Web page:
US National Security Adviser Jake Sullivan and Saudi Crown Prince Mohammed bin Salman met in Dhahran to discuss a range of issues, including normalization of ties with Israel.

This comes just days after two State Department officials met Iranian negotiators in Oman to discuss ways to prevent a further escalation of tensions and potential hostilities in the region.

A Saudi statement on Sunday also said, "the semi-final version of the draft strategic agreements between the two countries, which are almost being finalised,” were discussed.

The Biden administration is offering a strategic deal to the Saudis who have reasons to be wary of Washington’s perceived soft stance toward Tehran in the past three years. In addition to security guarantees, part of the deal appears to be an agreement to assist a Saudi civilian nuclear program, as Iran has reached the weapons threshold under President Joe Biden’s watch.

The de facto Saudi leader and President Joe Biden's top security aide also discussed the need to find a "credible track for bringing about the two-state solution" for Israel and the Palestinians, stop the war against Hamas militants in Gaza and facilitate the entry of humanitarian aid, the statement said.

Iran has repeatedly warned regional Arab countries against normalizing ties with Saudi Arabia. Last year, shortly before the Hamas attack on Israel, Iran’s Supreme Leader Ali Khamenei said on October 3,"The position of the Islamic Republic is that countries that make the gamble of normalization with Israel will lose. They are betting on a losing horse.” The comment came at a time when a final decision was made by Tehran’s Palestinian ally, Hamas, to launch the unprecedented attack that killed more than one thousand Israeli civilians. It is unlikely that Mr. Khamenei was not aware of the imminent attack.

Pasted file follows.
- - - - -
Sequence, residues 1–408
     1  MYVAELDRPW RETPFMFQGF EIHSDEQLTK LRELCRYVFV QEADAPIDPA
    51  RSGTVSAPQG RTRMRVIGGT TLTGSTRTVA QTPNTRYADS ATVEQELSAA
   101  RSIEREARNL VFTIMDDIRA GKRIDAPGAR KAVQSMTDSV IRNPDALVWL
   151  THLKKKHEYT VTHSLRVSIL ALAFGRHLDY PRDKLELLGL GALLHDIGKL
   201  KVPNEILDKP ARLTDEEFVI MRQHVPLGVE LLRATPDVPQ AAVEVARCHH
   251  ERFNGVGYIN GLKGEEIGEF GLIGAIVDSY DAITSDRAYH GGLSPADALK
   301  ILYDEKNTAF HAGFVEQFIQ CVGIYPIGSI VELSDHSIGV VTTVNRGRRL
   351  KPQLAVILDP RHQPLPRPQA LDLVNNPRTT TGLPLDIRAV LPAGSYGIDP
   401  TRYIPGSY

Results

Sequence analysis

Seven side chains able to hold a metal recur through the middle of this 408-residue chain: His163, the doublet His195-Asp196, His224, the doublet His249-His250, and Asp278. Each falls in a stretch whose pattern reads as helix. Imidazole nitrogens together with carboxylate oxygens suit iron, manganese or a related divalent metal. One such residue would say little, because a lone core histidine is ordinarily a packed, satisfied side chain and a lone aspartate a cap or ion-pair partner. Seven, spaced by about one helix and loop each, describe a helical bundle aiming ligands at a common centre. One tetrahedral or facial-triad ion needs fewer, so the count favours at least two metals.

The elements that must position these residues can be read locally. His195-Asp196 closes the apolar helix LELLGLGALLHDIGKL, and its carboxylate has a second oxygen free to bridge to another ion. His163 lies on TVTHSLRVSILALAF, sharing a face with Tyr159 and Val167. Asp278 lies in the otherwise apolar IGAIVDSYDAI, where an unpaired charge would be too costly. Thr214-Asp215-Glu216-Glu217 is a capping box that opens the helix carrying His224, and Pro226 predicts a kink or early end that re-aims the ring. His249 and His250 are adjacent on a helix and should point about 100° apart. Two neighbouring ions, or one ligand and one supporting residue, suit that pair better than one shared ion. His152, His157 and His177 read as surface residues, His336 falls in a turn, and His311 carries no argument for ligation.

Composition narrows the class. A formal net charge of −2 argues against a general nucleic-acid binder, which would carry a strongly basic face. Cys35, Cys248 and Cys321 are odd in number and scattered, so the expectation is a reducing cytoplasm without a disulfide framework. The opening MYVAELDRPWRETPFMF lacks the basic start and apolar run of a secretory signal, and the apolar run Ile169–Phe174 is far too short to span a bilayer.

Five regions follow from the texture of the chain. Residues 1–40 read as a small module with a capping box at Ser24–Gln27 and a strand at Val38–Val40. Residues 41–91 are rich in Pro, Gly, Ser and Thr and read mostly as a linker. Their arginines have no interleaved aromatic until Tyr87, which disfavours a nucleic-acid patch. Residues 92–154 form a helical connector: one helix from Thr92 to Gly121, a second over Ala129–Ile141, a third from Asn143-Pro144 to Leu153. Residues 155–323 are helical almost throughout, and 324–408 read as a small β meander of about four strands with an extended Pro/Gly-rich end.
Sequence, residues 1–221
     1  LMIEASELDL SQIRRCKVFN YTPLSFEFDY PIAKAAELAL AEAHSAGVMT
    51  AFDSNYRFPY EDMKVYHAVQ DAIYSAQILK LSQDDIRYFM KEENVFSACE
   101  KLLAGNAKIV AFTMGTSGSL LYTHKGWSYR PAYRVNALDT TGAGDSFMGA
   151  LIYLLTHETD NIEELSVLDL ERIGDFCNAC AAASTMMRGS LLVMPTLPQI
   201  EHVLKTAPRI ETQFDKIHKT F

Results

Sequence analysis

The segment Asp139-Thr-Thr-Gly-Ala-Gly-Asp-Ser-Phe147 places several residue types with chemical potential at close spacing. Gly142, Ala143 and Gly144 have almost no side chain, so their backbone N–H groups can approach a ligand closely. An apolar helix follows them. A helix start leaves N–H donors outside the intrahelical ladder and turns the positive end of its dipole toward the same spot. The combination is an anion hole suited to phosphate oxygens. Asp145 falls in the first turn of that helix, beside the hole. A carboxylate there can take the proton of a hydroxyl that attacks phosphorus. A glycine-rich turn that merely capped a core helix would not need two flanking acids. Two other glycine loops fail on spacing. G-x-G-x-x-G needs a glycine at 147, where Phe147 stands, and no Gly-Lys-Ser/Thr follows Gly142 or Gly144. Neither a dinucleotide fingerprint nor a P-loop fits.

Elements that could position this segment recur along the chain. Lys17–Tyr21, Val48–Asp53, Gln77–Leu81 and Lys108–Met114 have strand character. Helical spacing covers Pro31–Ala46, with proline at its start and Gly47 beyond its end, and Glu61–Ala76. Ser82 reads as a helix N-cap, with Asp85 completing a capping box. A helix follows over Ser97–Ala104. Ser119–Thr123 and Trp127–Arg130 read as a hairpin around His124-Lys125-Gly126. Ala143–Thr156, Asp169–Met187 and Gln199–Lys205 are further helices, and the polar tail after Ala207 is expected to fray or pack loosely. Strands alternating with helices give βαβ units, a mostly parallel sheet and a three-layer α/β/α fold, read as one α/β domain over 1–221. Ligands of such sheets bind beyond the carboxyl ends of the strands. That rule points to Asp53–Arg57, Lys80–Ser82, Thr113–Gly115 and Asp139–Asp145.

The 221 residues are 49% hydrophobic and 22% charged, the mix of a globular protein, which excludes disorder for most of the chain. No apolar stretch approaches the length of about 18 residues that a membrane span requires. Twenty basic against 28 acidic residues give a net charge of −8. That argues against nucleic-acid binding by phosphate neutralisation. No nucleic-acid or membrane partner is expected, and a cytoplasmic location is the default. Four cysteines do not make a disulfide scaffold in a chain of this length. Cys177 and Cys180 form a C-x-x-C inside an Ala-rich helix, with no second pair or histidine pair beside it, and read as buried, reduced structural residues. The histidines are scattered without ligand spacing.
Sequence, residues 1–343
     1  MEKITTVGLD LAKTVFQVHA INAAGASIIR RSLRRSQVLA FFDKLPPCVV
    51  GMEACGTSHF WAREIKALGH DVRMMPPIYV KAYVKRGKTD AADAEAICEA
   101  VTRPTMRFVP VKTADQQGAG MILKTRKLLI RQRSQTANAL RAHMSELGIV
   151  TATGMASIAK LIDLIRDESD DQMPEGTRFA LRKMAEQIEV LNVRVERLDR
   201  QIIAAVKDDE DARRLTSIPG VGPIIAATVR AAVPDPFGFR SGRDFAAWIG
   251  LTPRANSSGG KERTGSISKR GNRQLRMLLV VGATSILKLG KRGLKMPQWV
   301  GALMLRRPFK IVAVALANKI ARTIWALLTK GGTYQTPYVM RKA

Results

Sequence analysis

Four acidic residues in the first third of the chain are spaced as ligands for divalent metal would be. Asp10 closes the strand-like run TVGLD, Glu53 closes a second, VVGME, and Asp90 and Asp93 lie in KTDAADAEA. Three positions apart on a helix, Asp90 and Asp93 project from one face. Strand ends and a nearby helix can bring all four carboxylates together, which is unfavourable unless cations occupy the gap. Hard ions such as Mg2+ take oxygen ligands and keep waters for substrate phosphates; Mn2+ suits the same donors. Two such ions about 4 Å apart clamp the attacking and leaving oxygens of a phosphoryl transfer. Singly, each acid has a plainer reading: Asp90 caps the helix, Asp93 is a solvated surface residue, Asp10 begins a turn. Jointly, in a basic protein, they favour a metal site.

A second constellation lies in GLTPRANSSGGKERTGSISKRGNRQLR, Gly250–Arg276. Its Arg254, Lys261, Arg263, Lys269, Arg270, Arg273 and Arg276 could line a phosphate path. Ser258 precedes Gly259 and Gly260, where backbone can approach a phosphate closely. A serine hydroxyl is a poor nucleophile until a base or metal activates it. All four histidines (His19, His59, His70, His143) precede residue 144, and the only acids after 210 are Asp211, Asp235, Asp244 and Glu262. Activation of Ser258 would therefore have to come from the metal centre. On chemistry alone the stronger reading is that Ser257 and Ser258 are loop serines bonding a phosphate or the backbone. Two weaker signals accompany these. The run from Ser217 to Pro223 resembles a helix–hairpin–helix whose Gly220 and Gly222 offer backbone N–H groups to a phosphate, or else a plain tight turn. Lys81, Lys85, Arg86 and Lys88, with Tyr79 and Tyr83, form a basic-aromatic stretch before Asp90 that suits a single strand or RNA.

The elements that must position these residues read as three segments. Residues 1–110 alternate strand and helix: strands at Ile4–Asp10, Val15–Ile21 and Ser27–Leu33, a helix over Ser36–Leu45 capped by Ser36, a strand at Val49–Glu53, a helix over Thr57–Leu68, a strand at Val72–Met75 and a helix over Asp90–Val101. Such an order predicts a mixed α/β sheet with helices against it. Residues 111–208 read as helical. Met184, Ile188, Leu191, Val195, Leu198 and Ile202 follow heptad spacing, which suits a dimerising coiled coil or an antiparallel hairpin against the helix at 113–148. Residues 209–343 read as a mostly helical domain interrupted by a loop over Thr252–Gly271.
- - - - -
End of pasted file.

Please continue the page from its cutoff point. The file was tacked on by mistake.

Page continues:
Iran’s representative to the United Nations in New York confirmed the talks with US representatives, saying that “this was not the first or the last” round of talks. Observers believe that Biden has tried hard to prevent a region-wide escalation of the Israeli-Hamas conflict in an election year. Iran in the meantime has reiterated its support for Hamas and other armed militant groups in the region receiving financial and military support from Tehran.

US assistance to the Saudi nuclear program poses the question if Riyadh is willing to live with an Iran on the threshold of obtaining nuclear weapons, without pursuing a similar course to establish deterrence. In the past, Riyadh has not only reiterated its right to have full control over the nuclear cycle, but has threatened to develop atomic weapons if its security needs so dictate.

The Saudi crown prince has long said that if Iran developed a nuclear weapon, Saudi Arabia would follow suit, a stance that has fueled deep concern among arms control advocates and some U.S. lawmakers over a possible US-Saudi civil nuclear deal.

This leaves the possibility that a purely civilian Saudi nuclear program would be linked to US security guarantees, which in turn would mean some sort of détente or deterrence with Iran. Recently, Iranian officials have been threatening “a change in nuclear doctrine” if Israel threatens the country’s nuclear installations or the Islamic Republic regime itself. Currently, Tehran has accumulated sufficient fissile material for at least three nuclear warheads, and for the time being it seems interested to use the option as a leverage with Israel and the United States.

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